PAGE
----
Monitor your systems after making changes

December 30, 2012 Link to post  Permalink

After running the code update from my previous blog post about delaying the load of external scripts I realized that something was very broken.

The code seemed to work for me, on my browser, but my Google Analytics count went almost all the way down to zero. I’m guessing that the script code just wasn’t running at all using the window.onload technique. Hooking in these events on all browsers is clearly not as easy as it looks!

I’ve bitten the bullet and added JQuery to this blog and changed the way the external scripts are implemented.

Here’s my application.js

//= require jquery
//= require jquery_ujs
//= require google_analytics
//= require hittail
//= require twitter
//= require google_plus
//= require disqus

Here’s my google_analytics.js file

$(document).ready(function() {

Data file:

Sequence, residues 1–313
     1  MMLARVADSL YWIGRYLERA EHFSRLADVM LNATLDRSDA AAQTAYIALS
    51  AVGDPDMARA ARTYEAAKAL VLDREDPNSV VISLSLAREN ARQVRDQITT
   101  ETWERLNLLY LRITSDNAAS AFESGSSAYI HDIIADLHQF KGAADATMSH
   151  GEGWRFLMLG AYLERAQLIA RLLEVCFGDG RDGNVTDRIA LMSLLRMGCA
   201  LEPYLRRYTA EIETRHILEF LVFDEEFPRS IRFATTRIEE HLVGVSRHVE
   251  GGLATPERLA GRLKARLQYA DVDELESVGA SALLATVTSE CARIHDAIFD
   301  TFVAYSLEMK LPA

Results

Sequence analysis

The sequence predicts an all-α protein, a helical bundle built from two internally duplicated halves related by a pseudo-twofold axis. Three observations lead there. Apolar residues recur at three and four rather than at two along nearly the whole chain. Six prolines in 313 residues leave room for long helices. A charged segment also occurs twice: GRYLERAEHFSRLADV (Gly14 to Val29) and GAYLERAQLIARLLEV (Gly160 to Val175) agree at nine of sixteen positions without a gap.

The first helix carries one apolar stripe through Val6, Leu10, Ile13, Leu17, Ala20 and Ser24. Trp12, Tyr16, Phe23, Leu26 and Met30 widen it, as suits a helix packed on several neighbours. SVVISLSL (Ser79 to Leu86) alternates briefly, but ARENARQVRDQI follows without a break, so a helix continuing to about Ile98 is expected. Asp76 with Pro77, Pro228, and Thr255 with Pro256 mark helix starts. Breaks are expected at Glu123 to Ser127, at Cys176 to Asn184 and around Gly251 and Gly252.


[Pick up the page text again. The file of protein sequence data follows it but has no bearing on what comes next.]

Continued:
var _gaq = _gaq || [];
  _gaq.push(['_setAccount', 'ACCOUNT-ID']);
  _gaq.push(['_trackPageview']);

  (function() {
    var ga = document.createElement('script'); ga.type = 'text/javascript'; ga.async = true;
    ga.src = ('https:' == document.location.protocol ? 'https://ssl' : 'http://www') + '.google-analytics.com/ga.js';
    var s = document.getElementsByTagName('script')[0]; s.parentNode.insertBefore(ga, s);
  })();

});

Each script is now self contained for development, yet pulled into the single application.js file for production deployment. This adds a new file to my application, but this is more realistic for testing the performance of non-trivial applications in the wild.

The downside of this is that the social buttons are back to taking up the majority of the render time of each page.

Summary

When deploying an update, not only should you test that all is working, you must also monitor your diagnostics over time to ensure you didn’t break anything for large groups of users that aren’t you.